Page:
“THERE IS ONLY ONE THING WORSE than fighting with allies, and that is fighting without them.” As is true of many great quotations from World War II, the author is the inimitable Winston Churchill—and if anyone knew the truth of it, he did.
During the war, tensions roiled the Anglo-American alliance. The Americans mocked their British ally’s deliberate nature and their alleged tendency to stop fighting in the late afternoon for tea. The British paid back the insults, shaking their heads at the naiveté of American commanders and the amateurishness of American operations. Those were surface tensions, however. The Western alliance suffered from a deeper, more fundamental problem.
Go back to the campaign in Burma. It’s an apparent textbook case of American–British cooperation, with the Japanese overrunning the place in 1942 and the British and Americans working to push them out. In fact, it’s anything but. The United States and Great Britain are so disconnected here, they might well be fighting different wars.
The British are in Burma for their empire’s sake. Their commander, General William Slim, aims first to protect the frontier with India, then to reconquer Burma itself, and eventually to drive into Malaya and retake Singapore. At stake is nothing less than British power and prestige in southeast Asia.
To the Americans, none of those concerns matter. They aren’t fighting for Burma, per se, but for something they call the “CBI”—the “China-Burma-India” theater. At stake here is not the country of Burma itself, but the ability to ship badly needed supplies and materiel to Chiang Kai-shek’s Chinese armies, then locked in a desperate struggle against the Japanese. Prior to Japan’s invasion of Burma, those supplies have come by sea, landing at the Burmese capital of Rangoon. The Americans then try to open a land route across northern Burma—from Ledo in eastern India to Kunming in China—a massive engineering project that requires all their resources. Burma is a means to an end, in other words; the United States hasn’t gone to war to restore the British Empire.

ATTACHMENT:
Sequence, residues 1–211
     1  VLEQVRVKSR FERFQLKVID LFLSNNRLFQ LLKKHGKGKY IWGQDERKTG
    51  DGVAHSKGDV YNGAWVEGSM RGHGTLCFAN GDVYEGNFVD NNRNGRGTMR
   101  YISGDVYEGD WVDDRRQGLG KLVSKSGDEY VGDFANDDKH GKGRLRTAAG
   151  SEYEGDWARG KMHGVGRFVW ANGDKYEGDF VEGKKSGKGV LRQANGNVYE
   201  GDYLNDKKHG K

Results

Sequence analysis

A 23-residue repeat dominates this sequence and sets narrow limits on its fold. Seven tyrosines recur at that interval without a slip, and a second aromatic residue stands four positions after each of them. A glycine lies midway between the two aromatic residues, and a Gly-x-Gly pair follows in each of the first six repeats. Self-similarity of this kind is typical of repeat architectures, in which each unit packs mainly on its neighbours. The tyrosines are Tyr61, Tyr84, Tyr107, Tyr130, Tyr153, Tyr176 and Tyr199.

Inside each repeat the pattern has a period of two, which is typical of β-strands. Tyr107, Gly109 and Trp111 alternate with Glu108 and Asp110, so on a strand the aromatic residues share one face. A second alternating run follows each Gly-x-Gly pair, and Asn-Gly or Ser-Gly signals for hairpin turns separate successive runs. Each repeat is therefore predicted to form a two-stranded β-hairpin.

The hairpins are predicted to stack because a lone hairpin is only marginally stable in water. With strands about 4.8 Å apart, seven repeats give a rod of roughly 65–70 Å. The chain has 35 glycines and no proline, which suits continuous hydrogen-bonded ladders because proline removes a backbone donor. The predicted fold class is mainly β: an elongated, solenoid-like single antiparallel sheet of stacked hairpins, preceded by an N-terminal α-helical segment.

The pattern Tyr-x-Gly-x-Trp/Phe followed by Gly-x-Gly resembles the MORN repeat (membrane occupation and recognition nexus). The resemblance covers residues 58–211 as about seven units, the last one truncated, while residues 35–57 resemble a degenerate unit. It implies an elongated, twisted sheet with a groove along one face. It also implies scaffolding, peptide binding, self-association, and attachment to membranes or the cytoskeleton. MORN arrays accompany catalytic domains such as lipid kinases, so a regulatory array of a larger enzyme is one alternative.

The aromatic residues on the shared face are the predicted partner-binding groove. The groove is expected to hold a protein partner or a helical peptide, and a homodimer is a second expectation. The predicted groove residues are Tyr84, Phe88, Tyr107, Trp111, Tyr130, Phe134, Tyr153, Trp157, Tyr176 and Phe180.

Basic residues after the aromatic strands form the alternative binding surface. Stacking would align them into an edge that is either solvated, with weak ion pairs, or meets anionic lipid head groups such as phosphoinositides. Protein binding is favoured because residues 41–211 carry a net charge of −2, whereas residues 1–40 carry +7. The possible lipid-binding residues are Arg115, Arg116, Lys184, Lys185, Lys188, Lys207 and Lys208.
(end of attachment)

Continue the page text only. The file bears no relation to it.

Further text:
It’s painful to watch the two allies struggle forward. The British are fighting on a shoestring, constantly having to beg for transport aircraft from their American friends to supply their troops in the absence of infrastructure on the ground. The Americans have their own problems: much of their fighting strength consists of poorly trained Nationalist Chinese divisions, which are under the fiery leadership of a U.S. commander, General Joseph Stilwell. But even Vinegar Joe’s constant shouting can’t achieve much in this sector. Flying the “Hump” over the Himalayas remains the key to resupplying Chiang throughout the war. It’s a nightmare flight for even the most veteran crews, with looming mountains, stomach-churning updrafts and downdrafts, and bitter cold. In the end, Burma is a harder fight than expected for both allies. They manage to win the campaign only because they have a decisive advantage in logistics—an area of war-making in which the Japanese forces are absolutely hopeless.
But let’s go one step further. The British Empire exhausts itself winning World War II, losing India just two years after the war, and Burma itself in 1948. The very next year, Chiang Kai-shek’s regime in China is brought down by Mao Zedong’s communists, despite the billions of dollars Chiang had received in U.S. aid. In the end, the Burma Road is a road to nowhere.
Despite the incredible constancy and valor of the men who fought there, maybe none of the great powers—the U.S., the U.K., or Japan—had a clear understanding of what they were doing in Burma. ✯